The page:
Sadly, the program had two main caveats: It can only operate if the system has been recently infected and not rebooted since, and it was only effective on Windows XP. Kaspersky's research backs this up with only a small number of infections reported on Windows 10 devices.
"We have not seen any instances where those infected had their files deleted".
Raiu's claim countered an assertion made by virtually every media report and blog post published after "WannaCry" emerged June 12.
Now all the above-mentioned versions of Windows users can have a sigh of relief if infected by the ransomware.
Earlier this year, Microsoft announced that it will continue to support Windows 7 until 2020, however, Markus Nitschke, Head of Windows at Microsoft Germany previously warned users, particularly business owners, of the dangers of using the operating system.
The reason for XP's absence from the WannaCry count was simple. That happened here with some systems of Windows.
If you're a Windows user, then you most likely heard about the nasty ransomware that's been going around and infecting computers.
Yet, even with the US-CERT warning and the Microsoft patch, many enterprises did not update their systems.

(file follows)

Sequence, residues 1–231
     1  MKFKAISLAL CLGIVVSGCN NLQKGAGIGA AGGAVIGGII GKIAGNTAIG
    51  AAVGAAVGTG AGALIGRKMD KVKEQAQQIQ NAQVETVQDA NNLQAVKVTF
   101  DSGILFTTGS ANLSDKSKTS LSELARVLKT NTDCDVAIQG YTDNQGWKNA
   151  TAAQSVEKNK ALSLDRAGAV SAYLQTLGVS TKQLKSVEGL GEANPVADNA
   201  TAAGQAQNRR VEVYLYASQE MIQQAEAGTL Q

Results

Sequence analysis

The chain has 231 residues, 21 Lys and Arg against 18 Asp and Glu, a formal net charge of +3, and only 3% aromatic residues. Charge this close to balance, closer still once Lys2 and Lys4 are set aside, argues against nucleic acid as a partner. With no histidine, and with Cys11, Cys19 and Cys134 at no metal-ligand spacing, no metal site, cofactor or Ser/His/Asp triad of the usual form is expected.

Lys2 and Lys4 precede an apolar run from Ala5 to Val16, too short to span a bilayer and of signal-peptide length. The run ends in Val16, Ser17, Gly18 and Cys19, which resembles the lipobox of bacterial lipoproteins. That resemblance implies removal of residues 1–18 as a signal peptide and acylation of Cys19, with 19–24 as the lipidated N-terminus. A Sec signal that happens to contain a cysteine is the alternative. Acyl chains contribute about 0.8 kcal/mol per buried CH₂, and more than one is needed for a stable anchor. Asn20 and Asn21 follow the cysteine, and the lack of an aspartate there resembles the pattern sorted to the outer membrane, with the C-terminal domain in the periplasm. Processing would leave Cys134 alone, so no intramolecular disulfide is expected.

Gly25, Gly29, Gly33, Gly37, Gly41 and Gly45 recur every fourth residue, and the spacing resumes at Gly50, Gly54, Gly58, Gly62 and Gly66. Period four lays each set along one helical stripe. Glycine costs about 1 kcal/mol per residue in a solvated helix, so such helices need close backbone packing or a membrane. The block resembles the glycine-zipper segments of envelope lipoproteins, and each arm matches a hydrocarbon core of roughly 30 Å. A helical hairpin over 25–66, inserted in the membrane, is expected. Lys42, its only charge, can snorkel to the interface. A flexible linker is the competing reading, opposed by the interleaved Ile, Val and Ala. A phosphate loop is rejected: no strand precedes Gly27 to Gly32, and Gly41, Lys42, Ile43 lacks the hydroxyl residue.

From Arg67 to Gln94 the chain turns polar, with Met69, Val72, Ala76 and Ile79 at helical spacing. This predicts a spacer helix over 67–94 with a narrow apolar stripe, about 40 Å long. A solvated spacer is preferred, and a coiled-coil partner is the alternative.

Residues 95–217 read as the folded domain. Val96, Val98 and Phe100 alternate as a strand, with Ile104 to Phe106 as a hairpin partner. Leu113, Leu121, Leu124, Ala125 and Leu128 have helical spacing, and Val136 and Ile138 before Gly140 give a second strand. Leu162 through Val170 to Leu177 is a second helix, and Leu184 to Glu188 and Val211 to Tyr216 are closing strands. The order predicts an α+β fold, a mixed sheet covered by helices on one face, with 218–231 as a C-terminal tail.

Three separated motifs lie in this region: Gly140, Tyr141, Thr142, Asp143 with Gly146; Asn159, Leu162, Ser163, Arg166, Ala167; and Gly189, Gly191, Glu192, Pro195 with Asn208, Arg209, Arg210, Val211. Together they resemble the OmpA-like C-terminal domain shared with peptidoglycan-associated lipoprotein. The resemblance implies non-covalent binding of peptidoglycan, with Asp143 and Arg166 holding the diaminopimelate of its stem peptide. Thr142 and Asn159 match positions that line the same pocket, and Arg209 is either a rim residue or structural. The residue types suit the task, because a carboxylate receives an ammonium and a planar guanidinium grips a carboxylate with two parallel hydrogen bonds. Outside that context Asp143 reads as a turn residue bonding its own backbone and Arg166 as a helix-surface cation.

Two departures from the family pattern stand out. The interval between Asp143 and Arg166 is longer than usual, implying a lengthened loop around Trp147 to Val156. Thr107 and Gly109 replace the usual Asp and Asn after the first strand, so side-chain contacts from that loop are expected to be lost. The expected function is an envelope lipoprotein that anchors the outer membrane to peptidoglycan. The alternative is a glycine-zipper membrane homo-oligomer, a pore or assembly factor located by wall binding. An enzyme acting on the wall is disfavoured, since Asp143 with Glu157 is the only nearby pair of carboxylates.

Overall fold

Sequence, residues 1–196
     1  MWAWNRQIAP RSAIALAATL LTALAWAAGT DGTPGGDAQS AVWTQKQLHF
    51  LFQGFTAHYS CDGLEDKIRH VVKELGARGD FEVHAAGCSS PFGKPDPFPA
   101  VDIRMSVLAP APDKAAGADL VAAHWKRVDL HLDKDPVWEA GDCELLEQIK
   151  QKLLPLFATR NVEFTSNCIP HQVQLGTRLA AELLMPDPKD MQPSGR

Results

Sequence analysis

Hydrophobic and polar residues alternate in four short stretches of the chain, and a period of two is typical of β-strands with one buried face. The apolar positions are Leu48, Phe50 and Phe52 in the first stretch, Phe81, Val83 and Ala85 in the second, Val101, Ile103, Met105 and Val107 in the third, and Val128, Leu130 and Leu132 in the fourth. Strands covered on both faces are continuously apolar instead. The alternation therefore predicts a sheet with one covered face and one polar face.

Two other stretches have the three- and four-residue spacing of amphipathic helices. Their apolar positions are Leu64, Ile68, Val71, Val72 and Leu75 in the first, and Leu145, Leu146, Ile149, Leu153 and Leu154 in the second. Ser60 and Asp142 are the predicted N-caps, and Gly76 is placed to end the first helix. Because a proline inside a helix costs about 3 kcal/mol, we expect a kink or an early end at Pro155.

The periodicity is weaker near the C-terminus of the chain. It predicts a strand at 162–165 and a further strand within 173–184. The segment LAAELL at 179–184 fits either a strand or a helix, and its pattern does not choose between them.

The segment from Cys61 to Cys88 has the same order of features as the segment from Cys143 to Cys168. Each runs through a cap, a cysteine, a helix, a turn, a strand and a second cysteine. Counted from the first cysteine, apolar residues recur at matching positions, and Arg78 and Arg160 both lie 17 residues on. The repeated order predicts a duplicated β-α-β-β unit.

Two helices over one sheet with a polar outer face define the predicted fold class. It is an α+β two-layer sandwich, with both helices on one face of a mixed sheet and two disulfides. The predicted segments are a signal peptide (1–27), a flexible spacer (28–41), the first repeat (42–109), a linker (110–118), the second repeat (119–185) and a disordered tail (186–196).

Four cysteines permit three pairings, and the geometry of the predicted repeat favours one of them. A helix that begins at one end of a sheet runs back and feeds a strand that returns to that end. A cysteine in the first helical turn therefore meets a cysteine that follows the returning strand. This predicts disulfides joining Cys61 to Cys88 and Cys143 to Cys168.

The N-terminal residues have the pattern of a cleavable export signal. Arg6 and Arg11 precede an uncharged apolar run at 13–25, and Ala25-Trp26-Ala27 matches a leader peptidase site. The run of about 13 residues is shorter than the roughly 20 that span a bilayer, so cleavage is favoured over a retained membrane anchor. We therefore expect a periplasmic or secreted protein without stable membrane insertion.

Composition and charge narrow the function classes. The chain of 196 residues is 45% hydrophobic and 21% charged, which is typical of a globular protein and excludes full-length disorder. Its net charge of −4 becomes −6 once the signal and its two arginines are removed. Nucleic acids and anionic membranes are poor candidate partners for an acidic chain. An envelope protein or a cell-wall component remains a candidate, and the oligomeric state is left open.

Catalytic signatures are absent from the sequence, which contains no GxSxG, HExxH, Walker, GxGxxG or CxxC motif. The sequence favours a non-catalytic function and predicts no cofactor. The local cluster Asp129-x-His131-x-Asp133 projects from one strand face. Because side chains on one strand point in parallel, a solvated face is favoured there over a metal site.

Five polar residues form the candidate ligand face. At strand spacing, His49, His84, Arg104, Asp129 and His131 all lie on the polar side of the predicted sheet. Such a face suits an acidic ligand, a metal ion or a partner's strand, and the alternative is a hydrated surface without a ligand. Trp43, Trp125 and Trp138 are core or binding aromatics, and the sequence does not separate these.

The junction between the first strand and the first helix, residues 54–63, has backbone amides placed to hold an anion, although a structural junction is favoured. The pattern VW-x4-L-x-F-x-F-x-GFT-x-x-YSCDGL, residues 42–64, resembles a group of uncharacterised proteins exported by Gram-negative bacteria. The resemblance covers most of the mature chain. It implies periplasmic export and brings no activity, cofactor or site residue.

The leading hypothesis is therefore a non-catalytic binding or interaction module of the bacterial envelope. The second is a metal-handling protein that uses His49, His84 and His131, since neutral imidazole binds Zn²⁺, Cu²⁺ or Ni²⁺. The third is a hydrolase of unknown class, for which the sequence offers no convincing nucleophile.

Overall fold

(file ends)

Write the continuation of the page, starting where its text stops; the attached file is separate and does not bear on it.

It was also noted that instead of releasing the security updates for free, Microsoft reportedly charged some customers an annual fee of $1,000 for the protection of their computers.
It wasn't a surprise that WannaCry's backers had primarily pointed the attack at Windows 7.
They are having more luck dissecting flaws that limited its spread. Updated computers were protected. All this puts in doubt the security of this operating system.
Other factors may have played a part, however.
"Windows 7...does not meet the requirements of modern technology, nor the high security requirements of IT departments", he said. On the other hand, Microsoft newer OS Windows 10 is running pretty smoothly and hasn't been affected much by this issue. The 64-bit edition is used widely by large organizations, according to figures from Kaspersky. Windows 7 Pro and Windows 7 Home (64-bit) outnumbered their 32-bit comrades by nearly two to one.
Only 309 transactions worth around $94,000 appear to have been paid into WannaCryblackmail accounts by Friday 1345 GMT, seven days after the attack began.
While WannaCry is still evolving, people so far have been largely unaware about its reach, except for knowing that it targets almost all Windows versions released before Windows 10.